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Exocrine Pancreas(2)胰腺外分泌(二)  

2011-01-25 11:10:55|  分类: 医学英语 |  标签: |举报 |字号 订阅

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Pancreas Divisum

Failure of the dorsal and ventral pancreatic duct systems to join during embryogenesis (see Fig. 55-2 ) is referred to as pancreas divisum. It results in a pancreas with divided drainage because the dorsal pancreas drains, through the duct of Santorini, to empty at the lesser papilla, whereas the ventral pancreas, composed of the head and uncinate process, drains through Vater's papilla. Pancreas divisum has been noted in as many as 11% of autopsy cases. The significance of pancreas divisum remains controversial.[1] Some have suggested that it may contribute to the development of pancreatitis by establishing a condition of relative outflow obstruction because the major fraction of pancreatic exocrine secretion is obliged to exit through the relatively small orifice of the lesser papilla. On the other hand, the presence of pancreas divisum and the development of pancreatitis are, in most patients, not related to each other in a cause-and-effect manner, and the corollary of this may also be true; that is, attempts to widen the orifice of the dorsal duct at the lesser papilla in patients with pancreas divisum and pancreatitis are unlikely to be of benefit.







Ectopic and Accessory Pancreas

Pancreatic tissue at ectopic sites is not unusual, and most ectopic pancreatic tissue is functional. The most common sites are in the walls of the stomach, duodenum, or ileum; in Meckel's diverticulum; or at the umbilicus. Less common sites include the colon, appendix, gallbladder, omentum, and mesentery. Islet tissue is frequently present when ectopic pancreas is located in the stomach and duodenum but not when it is present elsewhere. For the most part, ectopic pancreatic tissue is a submucosal, irregular nodule of firm, yellow tissue that may have a central umbilication. Pancreatic secretions often exit through this umbilication into the lumen of the stomach or intestine. Ulceration and, on occasion, bleeding can be associated with these lesions. They may also be associated with obstruction or be the lead point for intussusception. Resection or bypass is indicated in such cases.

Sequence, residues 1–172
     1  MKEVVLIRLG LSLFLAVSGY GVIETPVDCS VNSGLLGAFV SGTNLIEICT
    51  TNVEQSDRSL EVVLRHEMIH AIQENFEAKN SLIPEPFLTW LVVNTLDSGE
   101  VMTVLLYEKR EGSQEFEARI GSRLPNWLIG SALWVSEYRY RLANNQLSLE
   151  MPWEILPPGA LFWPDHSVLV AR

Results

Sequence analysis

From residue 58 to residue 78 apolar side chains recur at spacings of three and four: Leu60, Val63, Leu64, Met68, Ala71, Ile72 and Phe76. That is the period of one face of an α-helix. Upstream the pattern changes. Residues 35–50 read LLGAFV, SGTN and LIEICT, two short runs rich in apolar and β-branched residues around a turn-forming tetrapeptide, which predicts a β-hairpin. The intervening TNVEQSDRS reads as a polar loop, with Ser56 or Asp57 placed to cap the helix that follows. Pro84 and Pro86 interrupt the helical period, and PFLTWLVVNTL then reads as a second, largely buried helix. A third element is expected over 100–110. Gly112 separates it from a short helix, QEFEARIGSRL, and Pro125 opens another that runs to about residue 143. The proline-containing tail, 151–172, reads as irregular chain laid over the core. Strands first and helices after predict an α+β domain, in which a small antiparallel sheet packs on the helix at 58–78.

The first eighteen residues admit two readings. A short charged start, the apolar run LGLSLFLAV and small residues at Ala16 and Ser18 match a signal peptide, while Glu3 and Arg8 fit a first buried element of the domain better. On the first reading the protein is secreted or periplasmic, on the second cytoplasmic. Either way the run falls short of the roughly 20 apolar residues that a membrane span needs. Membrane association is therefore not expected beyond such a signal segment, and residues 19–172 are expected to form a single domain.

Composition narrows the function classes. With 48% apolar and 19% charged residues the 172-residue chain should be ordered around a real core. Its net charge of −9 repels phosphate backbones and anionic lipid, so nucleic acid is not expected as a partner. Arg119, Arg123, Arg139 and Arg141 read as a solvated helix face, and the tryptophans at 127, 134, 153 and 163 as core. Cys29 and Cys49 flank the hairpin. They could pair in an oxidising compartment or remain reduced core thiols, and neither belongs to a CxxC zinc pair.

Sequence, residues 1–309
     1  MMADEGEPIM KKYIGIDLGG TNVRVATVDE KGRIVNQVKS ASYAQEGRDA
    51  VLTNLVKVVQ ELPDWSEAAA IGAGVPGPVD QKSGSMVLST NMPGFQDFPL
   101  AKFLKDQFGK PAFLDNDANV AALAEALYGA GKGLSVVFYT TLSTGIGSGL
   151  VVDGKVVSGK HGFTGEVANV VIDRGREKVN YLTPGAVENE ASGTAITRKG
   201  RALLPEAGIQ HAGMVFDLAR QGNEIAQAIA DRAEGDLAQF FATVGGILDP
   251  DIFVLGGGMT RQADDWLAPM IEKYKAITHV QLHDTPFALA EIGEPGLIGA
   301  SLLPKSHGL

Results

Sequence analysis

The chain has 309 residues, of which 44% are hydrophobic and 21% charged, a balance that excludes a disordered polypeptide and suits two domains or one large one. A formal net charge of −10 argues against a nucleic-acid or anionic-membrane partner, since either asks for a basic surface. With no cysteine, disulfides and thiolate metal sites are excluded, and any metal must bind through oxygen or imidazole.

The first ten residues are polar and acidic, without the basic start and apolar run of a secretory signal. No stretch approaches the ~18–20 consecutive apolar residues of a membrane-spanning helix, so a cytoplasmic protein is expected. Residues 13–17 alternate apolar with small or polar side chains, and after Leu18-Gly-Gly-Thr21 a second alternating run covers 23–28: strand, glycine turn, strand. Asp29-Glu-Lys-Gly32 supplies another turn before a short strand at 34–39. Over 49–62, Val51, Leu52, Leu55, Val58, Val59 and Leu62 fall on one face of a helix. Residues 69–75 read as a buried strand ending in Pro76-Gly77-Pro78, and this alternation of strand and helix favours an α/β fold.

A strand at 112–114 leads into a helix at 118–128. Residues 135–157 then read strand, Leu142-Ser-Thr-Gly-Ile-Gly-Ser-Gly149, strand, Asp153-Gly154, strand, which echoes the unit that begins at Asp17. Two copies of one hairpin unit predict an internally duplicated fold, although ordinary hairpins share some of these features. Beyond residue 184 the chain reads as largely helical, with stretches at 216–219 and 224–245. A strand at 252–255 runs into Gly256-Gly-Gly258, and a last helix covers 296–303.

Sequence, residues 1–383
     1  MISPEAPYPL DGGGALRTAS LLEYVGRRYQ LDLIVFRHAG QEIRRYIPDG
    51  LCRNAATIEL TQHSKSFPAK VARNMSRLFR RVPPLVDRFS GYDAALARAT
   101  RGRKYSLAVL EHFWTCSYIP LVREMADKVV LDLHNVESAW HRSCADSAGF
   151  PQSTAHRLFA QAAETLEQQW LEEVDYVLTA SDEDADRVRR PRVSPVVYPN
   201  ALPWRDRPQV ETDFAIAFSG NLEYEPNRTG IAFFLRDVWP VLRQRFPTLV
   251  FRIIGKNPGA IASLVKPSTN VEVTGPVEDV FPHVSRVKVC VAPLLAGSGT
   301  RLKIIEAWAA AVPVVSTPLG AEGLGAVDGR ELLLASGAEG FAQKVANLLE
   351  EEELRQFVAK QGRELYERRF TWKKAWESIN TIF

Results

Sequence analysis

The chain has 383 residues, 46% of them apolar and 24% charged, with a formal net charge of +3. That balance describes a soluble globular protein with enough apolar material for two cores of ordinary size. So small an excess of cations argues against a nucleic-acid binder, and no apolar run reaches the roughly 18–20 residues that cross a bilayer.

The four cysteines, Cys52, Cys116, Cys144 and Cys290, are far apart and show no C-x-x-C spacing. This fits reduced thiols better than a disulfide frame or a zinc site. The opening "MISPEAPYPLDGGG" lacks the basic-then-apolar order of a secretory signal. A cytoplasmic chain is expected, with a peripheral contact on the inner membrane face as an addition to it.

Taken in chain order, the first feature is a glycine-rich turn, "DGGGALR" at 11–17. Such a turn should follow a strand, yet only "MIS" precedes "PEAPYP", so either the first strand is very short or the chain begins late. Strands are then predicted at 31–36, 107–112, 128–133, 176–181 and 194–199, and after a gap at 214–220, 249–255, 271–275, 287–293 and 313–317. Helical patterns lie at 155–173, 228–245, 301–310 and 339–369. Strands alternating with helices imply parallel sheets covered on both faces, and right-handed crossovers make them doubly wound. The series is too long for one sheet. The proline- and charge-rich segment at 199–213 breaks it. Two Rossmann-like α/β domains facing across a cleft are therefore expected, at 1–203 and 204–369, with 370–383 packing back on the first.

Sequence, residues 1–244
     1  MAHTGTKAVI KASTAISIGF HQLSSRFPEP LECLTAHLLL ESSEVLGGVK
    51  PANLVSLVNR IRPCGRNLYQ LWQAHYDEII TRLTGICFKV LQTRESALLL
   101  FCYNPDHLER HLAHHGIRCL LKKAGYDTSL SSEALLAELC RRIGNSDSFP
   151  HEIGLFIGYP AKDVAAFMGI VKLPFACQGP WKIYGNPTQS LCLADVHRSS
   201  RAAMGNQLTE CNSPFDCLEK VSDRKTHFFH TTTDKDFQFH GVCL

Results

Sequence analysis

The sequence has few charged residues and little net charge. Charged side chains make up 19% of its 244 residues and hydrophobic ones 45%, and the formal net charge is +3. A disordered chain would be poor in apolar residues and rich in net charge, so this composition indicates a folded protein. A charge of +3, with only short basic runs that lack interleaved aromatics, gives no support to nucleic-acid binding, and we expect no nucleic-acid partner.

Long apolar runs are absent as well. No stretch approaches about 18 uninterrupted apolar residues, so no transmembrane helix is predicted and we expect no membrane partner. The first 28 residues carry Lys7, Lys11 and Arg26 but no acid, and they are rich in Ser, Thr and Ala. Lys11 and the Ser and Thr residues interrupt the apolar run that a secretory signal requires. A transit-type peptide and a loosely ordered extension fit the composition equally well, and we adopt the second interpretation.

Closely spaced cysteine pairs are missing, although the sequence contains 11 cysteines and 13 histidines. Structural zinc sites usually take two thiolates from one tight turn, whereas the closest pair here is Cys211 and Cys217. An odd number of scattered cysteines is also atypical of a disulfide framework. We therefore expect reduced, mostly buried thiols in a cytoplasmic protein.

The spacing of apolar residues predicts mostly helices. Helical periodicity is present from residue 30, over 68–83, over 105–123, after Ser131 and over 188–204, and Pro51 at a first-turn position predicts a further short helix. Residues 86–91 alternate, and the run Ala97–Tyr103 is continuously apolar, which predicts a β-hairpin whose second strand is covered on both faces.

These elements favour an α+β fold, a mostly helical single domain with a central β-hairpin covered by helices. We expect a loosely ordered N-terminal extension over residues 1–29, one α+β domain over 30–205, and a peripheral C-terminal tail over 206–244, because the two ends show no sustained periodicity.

Annular Pancreas

Annular pancreas refers to the presence of a band of normal pancreatic tissue that partially or completely encircles the second portion of the duodenum and extends into the head of the pancreas. It usually contains a duct that joins the main pancreatic duct. The basis for annular pancreas is uncertain. It may result from failure of normal clockwise rotation of the ventral pancreas, or it may result from expansion of ectopic pancreatic tissue in the duodenal wall. It presents with varying degrees of duodenal obstruction that, in children, is often associated with other congenital anomalies. It may be totally asymptomatic or present later in life with obstructive symptoms if pancreatitis develops in the annular segment. Treatment usually involves bypass, through duodenojejunostomy, rather than resection.




Developmental Pancreatic Cysts

Solitary (congenital, duplication, or dermoid) cysts of the pancreas are rare. In contrast, multiple pancreatic cysts, lined with cuboidal epithelium, are more common. They are frequently associated with polycystic disease of the liver or kidney, and they can be seen in up to half of patients with von Hippel-Lindau disease. Pancreatic cysts only rarely become symptomatic, and in general, no treatment is indicated.



胰腺的单发性囊肿(先天性重复或皮样囊肿)罕见。相比之下,胰腺多发性囊肿内衬立方上皮更常见。它们常常伴有肝或肾多囊性疾病,而且它们见于高达半数脑视网膜血管瘤病(von Hippel-Lindau disease)病人。胰腺囊肿仅罕见成为症状性的,因而一般不需要治疗。


About 2.5 liters of clear, colorless, bicarbonate-rich pancreatic juice, containing 6 to 20 g of protein, is secreted by the human pancreas each day. It plays a critical role in duodenal alkalinization and in food digestion.




Protein Secretion